After I wrote the post last week about the extensive wall repair and skim-coating in the little upstairs office, I couldn’t stop thinking about removing the crappy little crown molding bordering the top of the room. I hesitate to really even call it crown molding because it was actually a mix of a very slightly ornamental molding and even smaller pieces of plain curved molding, depending on the wall. It’s definitely not original—it was installed whenever a previous owner put up a drywall ceiling in this room. The ceiling was installed right on top of acoustic tiles, which are nailed into furring strips over the original plaster ceiling, and instead of nicely finishing off the edges where the new ceiling met the original walls, they just covered the gap with some scrap molding they had around. It’s definitely not the way I would have done things, but the drywall is in good enough condition and there’s definitely no rational reason to rip it all down.
Despite that the molding was very ugly and mis-matched and dumb, for some reason I really thought I’d be OK with it once the walls were repaired and everything was caulked and painted. It was so small, after all, and this room is hardly a public space (we’re using it as an office, but it’s probably been used mostly as a closet for the past century, if I had to guess!), and I could totally just be zen about it and let it go and not care at all.
Once again, I have misjudged and underestimated the power of my own anal retentiveness. It made me crazy.
The options as I saw them were these:
1. Take down this molding, and then put up new, bigger molding that coordinates better with the original moldings around the door and window in the room.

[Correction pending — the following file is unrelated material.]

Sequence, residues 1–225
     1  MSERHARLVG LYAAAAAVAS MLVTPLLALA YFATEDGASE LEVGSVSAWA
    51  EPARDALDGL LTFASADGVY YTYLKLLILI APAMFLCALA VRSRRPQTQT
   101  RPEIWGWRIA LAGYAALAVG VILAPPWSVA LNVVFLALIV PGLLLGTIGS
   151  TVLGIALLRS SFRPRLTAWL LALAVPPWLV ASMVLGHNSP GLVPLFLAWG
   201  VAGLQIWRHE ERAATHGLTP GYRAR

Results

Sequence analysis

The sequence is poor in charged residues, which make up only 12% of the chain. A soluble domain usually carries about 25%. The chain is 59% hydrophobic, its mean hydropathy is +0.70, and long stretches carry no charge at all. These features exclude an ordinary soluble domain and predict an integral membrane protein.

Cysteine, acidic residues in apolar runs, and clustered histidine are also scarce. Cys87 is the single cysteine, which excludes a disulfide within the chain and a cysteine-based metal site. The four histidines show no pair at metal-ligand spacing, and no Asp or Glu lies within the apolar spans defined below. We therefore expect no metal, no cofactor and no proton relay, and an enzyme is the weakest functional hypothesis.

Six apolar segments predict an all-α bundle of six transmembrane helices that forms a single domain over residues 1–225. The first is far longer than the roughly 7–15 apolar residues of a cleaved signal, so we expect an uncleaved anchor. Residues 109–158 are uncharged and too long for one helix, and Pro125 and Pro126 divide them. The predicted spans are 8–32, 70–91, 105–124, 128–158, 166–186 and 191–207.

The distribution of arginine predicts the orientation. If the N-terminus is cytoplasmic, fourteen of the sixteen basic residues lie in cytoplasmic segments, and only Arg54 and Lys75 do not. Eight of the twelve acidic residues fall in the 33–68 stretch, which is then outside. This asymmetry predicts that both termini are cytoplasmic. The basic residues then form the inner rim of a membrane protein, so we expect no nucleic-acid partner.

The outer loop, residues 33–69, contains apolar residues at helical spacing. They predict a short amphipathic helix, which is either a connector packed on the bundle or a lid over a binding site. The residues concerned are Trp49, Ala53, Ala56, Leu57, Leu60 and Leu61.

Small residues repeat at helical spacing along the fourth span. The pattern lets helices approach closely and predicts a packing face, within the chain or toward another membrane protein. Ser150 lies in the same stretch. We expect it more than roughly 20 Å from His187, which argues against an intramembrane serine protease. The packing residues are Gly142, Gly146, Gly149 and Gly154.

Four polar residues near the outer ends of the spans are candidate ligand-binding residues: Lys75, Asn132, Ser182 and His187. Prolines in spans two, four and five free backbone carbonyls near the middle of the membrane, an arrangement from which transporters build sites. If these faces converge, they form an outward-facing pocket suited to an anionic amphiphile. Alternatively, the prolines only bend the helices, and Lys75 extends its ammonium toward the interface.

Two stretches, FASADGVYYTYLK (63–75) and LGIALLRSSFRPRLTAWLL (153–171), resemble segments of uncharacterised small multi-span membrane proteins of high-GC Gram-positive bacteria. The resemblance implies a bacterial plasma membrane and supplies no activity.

2. Don’t even worry about taking down this molding; just slap some bigger molding on top of it and call it a day! That seems like it would work, right?
3. Take down the crown, survey the damage lurking beneath, weep, then begin the long and arduous process of repairing and taping and mudding all over again to reconstruct the upper edges of the room, like some kind of a goddamn masochist. It would take the skill of an artist and the precision of a surgeon and the patience of a nun and the heart of a lion.
Naturally, I chose option 3.
While purchasing and installing new crown molding was an attractive option for the lazier side of me (not that installing crown is any kind of cakewalk, but I bet I could have banged it out in a few hours), it didn’t satisfy my innate desire to self-inflict emotional and physical pain in the service of renovating this house. Additionally, it just felt wrong for this room. We don’t have crown molding elsewhere in the house (or any evidence that there ever was any), and this room has always been a modest one by nature. It’s the only room where the original tongue and groove subfloor wasn’t covered over by nicer oak hardwood, and the door and window moldings are among the least substantial in the house. I just felt like installing a better-proportioned (and consistent) crown molding would ultimately just look totally wrong because of this, and really”¦faux? Which is kind of worse, in my mind.